The United States has experienced over 40 years of diminished economic growth. While different data sources and analyses yield different estimates, they all confirm several decades of slow economic growth. Earlier, from the 1890s to 1972, American labor productivity according to economist Robert Gordon increased 2.3 percent annually. Since 1972 it’s averaged 1.3 percent per year, a decline of about 40 percent. Along with Nixon’s resignation, the oil embargo, and the founding of Apple, Inc., the 1970s saw additional declines in entrepreneurship and social engagement and increases in obesity, loneliness and mortgage debt. What happened?
Whether you call it post-WWII, post-industrial, post-Modern or post-liberalism, urban form at this point in the 21st century appears to have an entropic destiny that defies analysis and prediction. Urban form a century ago had a well-defined and understood structure or framework of real estate and infrastructure that, including the Great Depression trough, enabled enough social stability for steady increases in economic productivity and the trappings of civilization. But that framework was being questioned.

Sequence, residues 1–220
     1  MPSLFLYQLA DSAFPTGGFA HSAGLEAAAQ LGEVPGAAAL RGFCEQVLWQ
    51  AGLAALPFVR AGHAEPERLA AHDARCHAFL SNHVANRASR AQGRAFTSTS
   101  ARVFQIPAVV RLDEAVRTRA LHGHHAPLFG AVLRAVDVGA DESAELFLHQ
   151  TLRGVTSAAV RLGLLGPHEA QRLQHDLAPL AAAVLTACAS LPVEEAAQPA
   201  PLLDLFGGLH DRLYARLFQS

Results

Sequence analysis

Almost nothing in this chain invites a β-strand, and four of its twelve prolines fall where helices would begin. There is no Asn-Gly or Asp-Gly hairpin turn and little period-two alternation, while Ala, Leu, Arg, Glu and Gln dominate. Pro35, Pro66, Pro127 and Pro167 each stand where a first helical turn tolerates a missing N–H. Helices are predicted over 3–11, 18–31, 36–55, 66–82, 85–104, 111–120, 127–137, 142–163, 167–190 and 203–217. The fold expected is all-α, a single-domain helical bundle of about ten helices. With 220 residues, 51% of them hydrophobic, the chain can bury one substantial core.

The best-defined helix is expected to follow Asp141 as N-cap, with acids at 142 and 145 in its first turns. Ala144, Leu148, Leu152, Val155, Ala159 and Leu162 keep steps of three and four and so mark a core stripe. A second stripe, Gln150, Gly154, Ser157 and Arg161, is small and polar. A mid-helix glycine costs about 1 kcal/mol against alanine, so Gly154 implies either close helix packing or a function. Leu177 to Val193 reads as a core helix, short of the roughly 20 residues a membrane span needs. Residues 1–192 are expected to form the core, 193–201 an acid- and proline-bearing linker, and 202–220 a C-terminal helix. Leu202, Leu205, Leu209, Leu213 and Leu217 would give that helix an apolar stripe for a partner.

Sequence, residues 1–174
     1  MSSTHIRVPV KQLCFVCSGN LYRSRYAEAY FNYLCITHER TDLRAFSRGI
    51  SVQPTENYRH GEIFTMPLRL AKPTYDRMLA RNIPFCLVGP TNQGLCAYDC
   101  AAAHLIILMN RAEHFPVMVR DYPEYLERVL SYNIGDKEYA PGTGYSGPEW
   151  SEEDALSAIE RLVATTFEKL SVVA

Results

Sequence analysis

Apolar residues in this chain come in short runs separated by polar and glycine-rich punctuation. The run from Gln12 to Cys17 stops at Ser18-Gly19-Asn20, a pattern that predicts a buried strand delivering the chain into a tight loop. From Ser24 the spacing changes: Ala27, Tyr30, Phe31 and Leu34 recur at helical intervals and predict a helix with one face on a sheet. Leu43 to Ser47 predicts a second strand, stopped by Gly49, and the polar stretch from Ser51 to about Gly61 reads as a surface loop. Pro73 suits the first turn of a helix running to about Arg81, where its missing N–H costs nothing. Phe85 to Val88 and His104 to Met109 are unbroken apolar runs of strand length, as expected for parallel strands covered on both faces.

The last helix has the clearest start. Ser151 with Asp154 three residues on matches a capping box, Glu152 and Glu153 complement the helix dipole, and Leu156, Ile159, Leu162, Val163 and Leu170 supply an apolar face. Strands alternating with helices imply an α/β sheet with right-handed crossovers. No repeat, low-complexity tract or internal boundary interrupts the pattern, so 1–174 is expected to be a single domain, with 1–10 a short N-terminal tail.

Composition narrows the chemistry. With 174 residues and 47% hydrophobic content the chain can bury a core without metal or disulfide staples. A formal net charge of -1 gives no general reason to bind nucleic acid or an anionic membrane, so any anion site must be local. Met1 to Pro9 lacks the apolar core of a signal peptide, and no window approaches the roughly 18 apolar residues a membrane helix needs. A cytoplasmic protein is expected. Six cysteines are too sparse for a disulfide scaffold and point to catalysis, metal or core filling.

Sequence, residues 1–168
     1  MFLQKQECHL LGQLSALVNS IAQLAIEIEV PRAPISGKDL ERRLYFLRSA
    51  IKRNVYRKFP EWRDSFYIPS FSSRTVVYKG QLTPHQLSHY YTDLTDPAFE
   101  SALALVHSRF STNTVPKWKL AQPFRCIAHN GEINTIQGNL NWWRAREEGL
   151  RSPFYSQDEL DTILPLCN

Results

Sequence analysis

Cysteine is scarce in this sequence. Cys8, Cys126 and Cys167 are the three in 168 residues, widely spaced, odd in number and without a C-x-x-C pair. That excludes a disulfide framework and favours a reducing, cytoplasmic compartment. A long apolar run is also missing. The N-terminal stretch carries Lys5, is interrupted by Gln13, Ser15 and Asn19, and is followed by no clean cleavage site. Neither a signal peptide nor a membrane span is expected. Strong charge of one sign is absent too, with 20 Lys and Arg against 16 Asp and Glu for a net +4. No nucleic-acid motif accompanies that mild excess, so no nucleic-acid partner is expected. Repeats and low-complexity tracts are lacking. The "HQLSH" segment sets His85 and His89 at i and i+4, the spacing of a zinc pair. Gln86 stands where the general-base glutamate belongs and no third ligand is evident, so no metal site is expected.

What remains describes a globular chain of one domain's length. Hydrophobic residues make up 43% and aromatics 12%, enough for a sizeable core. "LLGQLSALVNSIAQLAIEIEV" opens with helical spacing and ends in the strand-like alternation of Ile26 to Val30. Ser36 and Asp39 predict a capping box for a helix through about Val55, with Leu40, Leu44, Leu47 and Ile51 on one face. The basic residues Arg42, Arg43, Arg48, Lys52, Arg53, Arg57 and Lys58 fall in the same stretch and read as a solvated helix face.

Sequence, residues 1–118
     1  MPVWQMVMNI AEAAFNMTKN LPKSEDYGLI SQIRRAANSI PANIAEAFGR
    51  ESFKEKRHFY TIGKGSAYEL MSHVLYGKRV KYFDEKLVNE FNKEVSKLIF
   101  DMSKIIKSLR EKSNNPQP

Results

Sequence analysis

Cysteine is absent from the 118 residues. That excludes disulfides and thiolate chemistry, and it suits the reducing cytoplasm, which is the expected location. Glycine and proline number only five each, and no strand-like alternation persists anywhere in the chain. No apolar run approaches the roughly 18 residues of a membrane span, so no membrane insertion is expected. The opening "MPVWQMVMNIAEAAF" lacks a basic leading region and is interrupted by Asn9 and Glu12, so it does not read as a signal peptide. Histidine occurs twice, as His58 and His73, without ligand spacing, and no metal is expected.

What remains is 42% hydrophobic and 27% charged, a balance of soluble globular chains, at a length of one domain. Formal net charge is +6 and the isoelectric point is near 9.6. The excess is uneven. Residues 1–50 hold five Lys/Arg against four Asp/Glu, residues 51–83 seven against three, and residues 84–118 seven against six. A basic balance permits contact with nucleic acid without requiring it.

Toward the end of The City in History published almost 70 years ago, Lewis Mumford says, “The chief function of the city is to convert power into form, energy into culture, dead matter into the living symbols of art, biological reproduction into social creativity.” Mumford’s writing on cities, technology, architecture and their influence on the human condition spanned 60 years and were influential from the beginning. In my possession are ten of his books from The Story of Utopias to The Urban Prospect and his biography, Lewis Mumford: A Life, by Donald Miller. Among the most appealing is his holistic thinking about what he calls biotechnics, a term that today has both far greater relevance and more authentic possibilities than decades ago.
Form, culture, art and social creativity are assets expressing a city’s capabilities, but a city must generate enough wealth to produce these assets over and above sustaining everyday life. Assets deriving from form, culture, art and social creativity would fall by the way without trade because trade, which includes the making of things and offering of services that can be sold or exchanged for value, is what creates wealth. Urban places are where each individual works to secure a place in the multi-dimensional division of labor that produces the wealth needed for civilized life.